Is 2020 the worst year ever?

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Is 2020 the worst year ever?
Is 2020 the worst year ever?

Think that 2020 was a bad year until now? Imagine living in AD 536 C.

After this great recap by Ann Gibbons in the magazine scienceMany experts consider this year one of the worst, if not the worst, in human history. Why? It turns out that a volcanic eruption in Iceland created a cloud so large it darkened the skies over Europe and Asia for months. As a result, temperatures dropped, snow fell in summer, crops failed, hunger spread, and millions of people died of starvation. To add insult to injury, historians believe that this massive change somehow sparked the bubonic plague that would wipe out almost half the population of the Eastern Roman Empire and hasten its collapse.

So don’t complain about 2020. We have Netflix. Whether you mastered the challenges of 536 or 2020, not much has changed about owning a small business. That’s because the core tenets of business ownership are timeless.

For example, those who saved survived.

Despite the challenges, thousands of small businesses (farms, shops, taverns) were able to survive in 536 and the years that followed, largely because they were carefully run by forward-thinking owners. They saved every penny and used whatever they could hide from the tax collector and whatever was left after paying the rents to invest in their businesses and save money to help them through tougher times. In 2020, I saw many overstretched businesses fail after the pandemic. But others with resources, both cash and credit, are painfully making their way through these challenging times and will ultimately move on. I don’t care if it’s the year 536 or 2020, cash is and will remain king.

In 536, like in 2020, knowledge meant income.

Those who were able to cultivate had a better chance of survival than those who did not. Homeowners who know how to cook and make beer created products that supported themselves and their families. Other market insiders traded in animals, products and equipment. Artisans made pottery, builders built, bakers made bread, weavers made clothes and blacksmiths forged horseshoes, agricultural tools and furniture. Even those who could sing, tell jokes, and entertain could charge the public and royal sponsors for their services, and those who succeeded in professional classes (architects, lawyers, accountants, engineers) learned their craft through years of training. All of these people had skills to care for them. Unfortunately, those who had not acquired skills had fewer opportunities and less wealth. Are things very different today?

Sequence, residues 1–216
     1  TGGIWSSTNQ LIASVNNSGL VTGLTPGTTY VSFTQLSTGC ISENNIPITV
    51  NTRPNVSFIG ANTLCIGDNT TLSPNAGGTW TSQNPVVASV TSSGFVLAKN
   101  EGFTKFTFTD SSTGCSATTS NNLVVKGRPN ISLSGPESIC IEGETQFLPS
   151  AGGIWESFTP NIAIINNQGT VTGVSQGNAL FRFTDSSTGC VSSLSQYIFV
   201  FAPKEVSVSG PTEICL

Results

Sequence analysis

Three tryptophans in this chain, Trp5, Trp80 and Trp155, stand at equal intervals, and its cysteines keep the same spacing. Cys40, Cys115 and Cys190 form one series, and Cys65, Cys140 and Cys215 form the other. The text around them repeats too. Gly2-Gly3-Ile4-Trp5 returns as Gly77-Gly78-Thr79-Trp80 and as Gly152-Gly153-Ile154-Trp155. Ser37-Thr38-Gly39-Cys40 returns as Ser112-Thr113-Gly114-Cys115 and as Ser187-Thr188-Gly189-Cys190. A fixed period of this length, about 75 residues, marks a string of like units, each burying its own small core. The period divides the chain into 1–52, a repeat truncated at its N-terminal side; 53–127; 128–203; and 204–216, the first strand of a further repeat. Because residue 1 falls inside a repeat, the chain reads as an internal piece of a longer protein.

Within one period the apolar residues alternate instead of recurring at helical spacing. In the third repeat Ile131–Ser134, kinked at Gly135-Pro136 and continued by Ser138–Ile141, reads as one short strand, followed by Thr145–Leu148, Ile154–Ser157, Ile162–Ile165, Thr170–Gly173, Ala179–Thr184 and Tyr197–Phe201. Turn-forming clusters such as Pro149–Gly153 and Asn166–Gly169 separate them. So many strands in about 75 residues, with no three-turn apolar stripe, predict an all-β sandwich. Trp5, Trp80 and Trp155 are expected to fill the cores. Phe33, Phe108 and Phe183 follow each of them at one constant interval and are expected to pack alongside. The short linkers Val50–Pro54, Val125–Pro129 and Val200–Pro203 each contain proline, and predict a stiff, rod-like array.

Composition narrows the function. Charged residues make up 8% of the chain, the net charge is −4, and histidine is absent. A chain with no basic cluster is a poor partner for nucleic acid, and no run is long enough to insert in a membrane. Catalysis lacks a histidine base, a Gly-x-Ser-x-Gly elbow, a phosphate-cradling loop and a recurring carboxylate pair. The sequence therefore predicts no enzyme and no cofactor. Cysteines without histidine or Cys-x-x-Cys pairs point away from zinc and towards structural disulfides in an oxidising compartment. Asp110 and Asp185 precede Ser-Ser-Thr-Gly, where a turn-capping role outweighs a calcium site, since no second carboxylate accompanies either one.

Cyclical economies have created opportunities.

The 2020 pandemic, like past epidemics, wars and other disasters, devastated many businesses, but these types of events also created opportunities. Innovative entrepreneurs thrive today because they sell more online, make protective gear, and provide other vital services. In 536 innovative entrepreneurs supplied the rich with food, forged weapons for armies, exchanged foreign currency and offered refuge for travelers and soldiers. The shrewd avoided the least-in-demand items (new farm tools, fancy pottery, imported luxuries) and switched to others (knives, wool, beer, groceries, staples) with potentially higher profits. As today the markets rose, fell … and rose again.

Finally, as now, the small businesses that did not diversify suffered the consequences.

In 536 the giant corporations were the Church and the Crown. The small businesses that sold their products to these organizations flourished in good times, but when church collections fell and kingdoms were overthrown, as invasions took place, cities were plundered, central authority denied, and local tribes elevated. These companies have often found themselves on the wrong side of history without the customers and suppliers to support them. Today, small businesses that have only sold to certain industries, regions, or larger specific customers and suppliers face similar problems. You can’t put too many eggs in one basket. Not then. Not now.

Pandemics natural disasters. Economic recessions. It happened in 2020. It happened even worse in AD 536 C. Some things will never change. However, one thing will always remain the same: the principles of running a small business. Besides, we now have Netflix.

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